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Programs Mathematical physics

I am currently an undergrad in pure Math. Until now, the courses I found the most fun/interesting were Probability 1&2, Geometry and Group Theory. I still have 3 semesters to go.

Prior to math I did some university courses in physics which were Classical Mecanics1, Optics and Intro to modern physics(half semester on special relativity and half on intro to quantum mecanics)

I am thinking of going for graduate studies and I am thinking of going in Applied Math. Mathematical physics looks like an awesome field since I love both disciplines.

I wanted to learn a little more about the amount of physics needed to get into mathematical physics graduate studies.

I'm an undergraduate myself, so I'm not comfortable telling you what a mathematical physics grad program would be looking for. However, I can offer you a basic outline of where your math studies may align well with your undergraduate physics coursework, so you can think about if you want to focus your mathematics studies to compliment what you'll do in physics.

Often, the first three semester constitute a basic intro sequence: newtonian mechanics, E&M, optics, and quantum mechanics, with a bit of statistical mechanics/thermo and special relativity thrown in somewhere along the line (universities vary quite a bit in when those topics are covered).

If you look at upper-division physics courses, you'll see a much more advanced "redo" of the previous topics, and some "special electives," like general relativity (surprisingly often, this is not a required course), solid-state physics, more work with optics, etc.

In general: An undergraduate-level understanding of Real & Complex Analysis, Ordinary and Partial Differential Equations, and Linear Algebra will help you.

Upper-div classical mechanics typically covers formulations with the Lagrangian and Hamiltonian, and offers a more rigorous treatment of rigid-body rotations. Your first semester of physics, in theory, gives you all the physics concepts needed to solve problems involving a spinning top, but it certainly wouldn't be fun attacking that sort of problem using only that background.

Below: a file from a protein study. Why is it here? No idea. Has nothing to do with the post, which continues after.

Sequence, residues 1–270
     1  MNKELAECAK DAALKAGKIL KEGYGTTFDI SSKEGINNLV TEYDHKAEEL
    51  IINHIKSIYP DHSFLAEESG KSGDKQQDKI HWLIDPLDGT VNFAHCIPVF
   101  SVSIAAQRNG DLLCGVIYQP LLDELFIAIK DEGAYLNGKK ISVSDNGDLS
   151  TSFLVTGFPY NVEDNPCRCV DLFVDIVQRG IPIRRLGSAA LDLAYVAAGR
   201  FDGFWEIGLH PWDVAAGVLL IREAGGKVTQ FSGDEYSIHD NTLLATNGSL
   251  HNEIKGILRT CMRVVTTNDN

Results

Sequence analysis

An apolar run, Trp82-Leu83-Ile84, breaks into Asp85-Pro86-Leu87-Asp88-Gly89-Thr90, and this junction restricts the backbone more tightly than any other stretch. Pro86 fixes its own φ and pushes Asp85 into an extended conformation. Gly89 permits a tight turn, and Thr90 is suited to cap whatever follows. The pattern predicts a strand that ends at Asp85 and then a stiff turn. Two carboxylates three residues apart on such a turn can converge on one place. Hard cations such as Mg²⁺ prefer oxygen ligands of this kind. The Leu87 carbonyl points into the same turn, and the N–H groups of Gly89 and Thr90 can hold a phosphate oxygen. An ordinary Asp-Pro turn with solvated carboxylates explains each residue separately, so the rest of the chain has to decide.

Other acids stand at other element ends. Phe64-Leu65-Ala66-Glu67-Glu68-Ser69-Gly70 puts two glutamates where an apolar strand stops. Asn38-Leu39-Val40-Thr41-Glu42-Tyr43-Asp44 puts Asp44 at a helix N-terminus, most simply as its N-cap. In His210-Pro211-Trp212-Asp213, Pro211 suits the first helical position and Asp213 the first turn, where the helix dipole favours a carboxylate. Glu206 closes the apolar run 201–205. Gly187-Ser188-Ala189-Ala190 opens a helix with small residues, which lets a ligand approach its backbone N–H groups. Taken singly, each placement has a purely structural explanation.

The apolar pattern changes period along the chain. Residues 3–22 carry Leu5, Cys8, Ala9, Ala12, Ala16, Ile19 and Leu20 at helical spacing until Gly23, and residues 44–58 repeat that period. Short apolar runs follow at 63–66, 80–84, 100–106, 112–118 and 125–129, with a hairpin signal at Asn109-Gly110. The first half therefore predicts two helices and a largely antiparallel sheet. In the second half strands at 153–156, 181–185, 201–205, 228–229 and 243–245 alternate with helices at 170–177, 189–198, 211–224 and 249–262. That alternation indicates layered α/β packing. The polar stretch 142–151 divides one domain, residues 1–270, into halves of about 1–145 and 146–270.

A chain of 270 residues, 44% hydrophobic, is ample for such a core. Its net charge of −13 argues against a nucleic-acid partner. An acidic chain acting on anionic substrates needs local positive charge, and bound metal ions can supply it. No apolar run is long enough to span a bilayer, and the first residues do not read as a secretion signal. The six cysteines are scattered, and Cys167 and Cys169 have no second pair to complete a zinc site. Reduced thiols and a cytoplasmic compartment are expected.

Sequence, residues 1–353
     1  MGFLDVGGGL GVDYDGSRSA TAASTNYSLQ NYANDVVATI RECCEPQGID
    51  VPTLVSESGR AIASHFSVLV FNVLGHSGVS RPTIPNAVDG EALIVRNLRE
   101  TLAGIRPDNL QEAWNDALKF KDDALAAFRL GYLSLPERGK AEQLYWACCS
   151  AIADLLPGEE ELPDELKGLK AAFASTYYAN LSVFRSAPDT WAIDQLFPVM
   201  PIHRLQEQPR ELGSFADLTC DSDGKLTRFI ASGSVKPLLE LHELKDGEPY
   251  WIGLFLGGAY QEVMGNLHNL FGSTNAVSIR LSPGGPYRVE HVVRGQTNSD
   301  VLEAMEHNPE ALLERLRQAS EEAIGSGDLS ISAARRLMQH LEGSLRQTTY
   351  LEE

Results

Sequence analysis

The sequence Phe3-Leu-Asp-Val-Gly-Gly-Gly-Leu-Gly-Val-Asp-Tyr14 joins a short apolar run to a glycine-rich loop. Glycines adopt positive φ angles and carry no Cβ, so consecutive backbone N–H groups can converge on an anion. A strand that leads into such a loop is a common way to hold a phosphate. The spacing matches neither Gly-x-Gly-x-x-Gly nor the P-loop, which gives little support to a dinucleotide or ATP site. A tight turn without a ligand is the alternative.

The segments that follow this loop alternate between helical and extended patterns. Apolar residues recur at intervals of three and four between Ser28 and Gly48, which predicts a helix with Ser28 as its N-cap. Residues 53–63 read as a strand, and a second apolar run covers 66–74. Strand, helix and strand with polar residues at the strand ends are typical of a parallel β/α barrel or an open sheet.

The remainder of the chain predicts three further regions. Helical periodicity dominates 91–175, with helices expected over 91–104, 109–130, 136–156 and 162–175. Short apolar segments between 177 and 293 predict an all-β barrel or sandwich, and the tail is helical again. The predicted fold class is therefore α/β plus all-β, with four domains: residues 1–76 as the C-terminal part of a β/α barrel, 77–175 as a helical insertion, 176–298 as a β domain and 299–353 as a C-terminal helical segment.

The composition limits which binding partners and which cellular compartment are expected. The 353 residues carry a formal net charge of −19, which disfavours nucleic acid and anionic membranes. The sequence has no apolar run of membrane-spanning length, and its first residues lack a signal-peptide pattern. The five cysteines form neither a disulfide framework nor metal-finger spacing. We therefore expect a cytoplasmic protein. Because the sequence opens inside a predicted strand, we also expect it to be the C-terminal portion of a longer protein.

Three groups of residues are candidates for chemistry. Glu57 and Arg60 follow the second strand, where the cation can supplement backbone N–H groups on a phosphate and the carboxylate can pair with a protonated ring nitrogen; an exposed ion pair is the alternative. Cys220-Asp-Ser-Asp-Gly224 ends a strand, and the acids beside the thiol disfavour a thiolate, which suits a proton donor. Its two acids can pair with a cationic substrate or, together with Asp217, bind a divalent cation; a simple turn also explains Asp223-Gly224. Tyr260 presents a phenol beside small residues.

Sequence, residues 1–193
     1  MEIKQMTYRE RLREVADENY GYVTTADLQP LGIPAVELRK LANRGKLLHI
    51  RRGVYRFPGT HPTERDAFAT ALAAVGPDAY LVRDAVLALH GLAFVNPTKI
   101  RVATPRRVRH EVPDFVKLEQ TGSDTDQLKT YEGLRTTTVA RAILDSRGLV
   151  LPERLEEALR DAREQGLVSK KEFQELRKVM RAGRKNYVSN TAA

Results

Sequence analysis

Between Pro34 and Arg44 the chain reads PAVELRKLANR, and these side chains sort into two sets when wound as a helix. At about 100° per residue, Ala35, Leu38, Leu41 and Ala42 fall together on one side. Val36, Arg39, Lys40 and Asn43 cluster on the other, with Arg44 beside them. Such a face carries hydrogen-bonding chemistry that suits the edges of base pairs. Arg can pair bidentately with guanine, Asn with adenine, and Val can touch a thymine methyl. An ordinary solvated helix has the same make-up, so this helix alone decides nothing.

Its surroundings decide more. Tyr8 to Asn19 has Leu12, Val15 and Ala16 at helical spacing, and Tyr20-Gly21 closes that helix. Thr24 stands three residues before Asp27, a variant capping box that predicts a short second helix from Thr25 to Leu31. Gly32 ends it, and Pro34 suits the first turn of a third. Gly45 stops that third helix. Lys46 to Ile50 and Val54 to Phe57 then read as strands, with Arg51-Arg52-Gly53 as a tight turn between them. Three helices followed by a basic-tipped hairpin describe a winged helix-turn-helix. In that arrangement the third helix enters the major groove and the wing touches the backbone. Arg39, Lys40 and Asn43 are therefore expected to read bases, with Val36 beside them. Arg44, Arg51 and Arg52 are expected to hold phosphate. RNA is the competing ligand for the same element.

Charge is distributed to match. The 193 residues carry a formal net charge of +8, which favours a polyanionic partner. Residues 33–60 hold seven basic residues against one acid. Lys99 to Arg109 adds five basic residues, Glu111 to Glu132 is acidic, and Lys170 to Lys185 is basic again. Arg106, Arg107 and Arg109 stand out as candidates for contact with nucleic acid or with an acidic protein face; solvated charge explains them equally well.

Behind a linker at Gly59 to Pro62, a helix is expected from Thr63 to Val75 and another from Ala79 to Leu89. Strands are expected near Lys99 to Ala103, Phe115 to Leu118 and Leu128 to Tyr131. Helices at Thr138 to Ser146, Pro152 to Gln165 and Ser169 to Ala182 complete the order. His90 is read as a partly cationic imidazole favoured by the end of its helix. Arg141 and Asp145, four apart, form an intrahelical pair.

Some related topics include Calculus of Variations and Lie Algebra.

For QM, note that a lower-division QM course generally only covers cases where the Schrodinger equation can be solved analytically, and while those cases are very important for the learner, they are not completely generalizable. The upper-division ones usually dig into Heisenberg's formulation with matrix mechanics, which in many cases, is easier to apply approximation methods. (They should also cover topics in perturbation theory, depending on how in-depth the courses are.)

If you take the upper division quantum mechanics courses, you can expect to see more of the applications of intense linear algebra and group theory.

Thermo/stat mech is all about dealing with large systems, think of something on the order of N=N+1, where there is no observable distinction between when the system had some number of particles, vs. if it had one more or less. Imagine a macroscopic sample of a gas that you might've worked with in a chemistry class. Nobody every asks you to determine the path an individual particle takes, or the velocity of an individual particle. (Food for thought, imagine what kind of memory (or storage) would be needed just to store the positions (in 3-space) of 1 mole of monatomic gas molecules.) Instead, you're mostly concerned with the macroscopic state of the system. Understanding probability theory and the use of statistics is important here.